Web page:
Is Your Startup Doomed? Netflix Wants to Change Your Mind
Why do 70% of startups – even the most promising, innovative ones – crash and burn? Netflix, with groundbreaking research it hopes will turn the television industry on its ear, reveals startling insight about why most television series – and your startup – might be doomed before ever lifting off the ground. What separates a wildly successful startup from an abandoned, forgotten project?
Like television executives launching the pilot of the next sure hit, business owners with innovative, creative solutions seek to gather traction in a crowded, noisy space. But it takes more than a strong hook and compelling plot to write your startup’s success story.
Netflix, waging war against network television’s “love at first sight” approach, warns that viewers rarely get hooked on a new show by the pilot. With fierce competition for prime real estate in the broadcast schedule, the pressure’s on to make a lasting impression right away. But viewers don’t think that way. In fact, it takes 6-8 episodes or more before a viewer becomes a loyal fan that keeps coming back. Positioning itself as the player in the industry who understands the fans, Netflix argues that it takes time to cultivate a following for Mad Men or Big Bang Theory.
The world of startups looks a lot like the television industry. In a sea of chaos and noise, thousands of bright ideas compete for prime time real estate in the hearts and minds of a technology-hungry – but distracted – target market. When the pilot fails to hook viewers, great ideas get scrapped because those ideas appear to lack viability.
Don’t let that describe your story. Instead, put on the Netflix mindset to stack the odds in your favor.
Plan for a controlled takeoff – not a rocket blast.
It takes less than ten minutes for a space shuttle to get off the ground and into space. It takes over a million pounds of fuel to make that happen.
That’s the kind of launch most startups expect. With an idea that can’t lose and a million pounds of ingenuity to get you off the ground, you’re ready to launch into the stratosphere. But that’s not how the real world works. Many brilliant ideas barely get off the launching pad, because they’re built with this mindset.
That’s the case Netflix makes to TV execs. You’re throwing profit away when you scrap great shows because hardly anyone noticed the pilot. Viewers take a while to warm up to your plot. Let’s be honest: bad ideas get nowhere in a world hungry for solutions that make life better. But great ideas become dead projects every day, too. How do you keep yours from becoming one of them?
Control your expectations, and prepare for a bumpy ride at takeoff.
Overnight successes might be fun to read about, but they’re extremely rare. Almost every profitable startup started out in obscurity, without gaining traction for months.
How long does this take? Plan to sustain your startup without much fanfare through the birthing process. Like giving birth, it takes most startups about 9 months to see sustainable fruit from the implementation of the next great idea. Most who stay afloat for years take about six weeks to set up, 3 months or more to see its first noticeable wins, and 9 months or more before things really take off.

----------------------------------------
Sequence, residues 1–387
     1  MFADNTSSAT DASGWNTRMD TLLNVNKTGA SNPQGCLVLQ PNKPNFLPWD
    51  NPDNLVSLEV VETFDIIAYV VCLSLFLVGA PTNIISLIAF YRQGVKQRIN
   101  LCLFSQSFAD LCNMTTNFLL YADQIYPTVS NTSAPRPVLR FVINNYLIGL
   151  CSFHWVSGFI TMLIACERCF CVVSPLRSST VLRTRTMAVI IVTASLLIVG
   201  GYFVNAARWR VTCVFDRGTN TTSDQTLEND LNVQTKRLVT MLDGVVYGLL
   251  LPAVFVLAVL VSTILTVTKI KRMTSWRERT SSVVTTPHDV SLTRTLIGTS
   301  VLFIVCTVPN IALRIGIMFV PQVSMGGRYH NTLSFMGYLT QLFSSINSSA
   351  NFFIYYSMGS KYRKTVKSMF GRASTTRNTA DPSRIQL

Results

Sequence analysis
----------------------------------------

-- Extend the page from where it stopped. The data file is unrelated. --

Mad Men took six episodes to catch on. How I Met Your Mother took eight. What’s your plan to stay on the air until the episode that hooks your viewers airs?
Your second act is more important than your first.
Here’s another thing TV execs and successful entrepreneurs both know: people aren’t sticking around for the next episode if you don’t continue to bring value. Once you’ve hooked people on your great idea, what comes next? Why should they stick around to hear what you have to say, keep buying from you, or come back for more?
Why is Apple so successful? Because they make great stuff. But they also understand what makes people loyal: Apple keeps you coming back because you’re scared you’ll miss out on the next dream solution you’ll wonder how you ever lived without. That didn’t happen by accident. Terry Oyama, who helped design the original Macintosh, said, “To be honest, we didn’t know what it meant for a computer to be ‘friendly’ until Steve Jobs told us.” What problems will the next iPhone solve that you don’t yet know you have? Time will tell. But one thing’s for sure: throngs of evangelists can’t wait to find out.
That’s the climate you must create for long-term success with your startup – an attitude in your target audience that they haven’t seen anything yet. Without that second act, your pilot is meaningless and no one will stay tuned. What about you? Are you built to withstand the turbulence of takeoff and forward-thinking enough to create evangelistic fans? Get in touch today to fuel your takeoff with the right mix of branding, public relations, and social media services that make you brilliant and ignite real influence.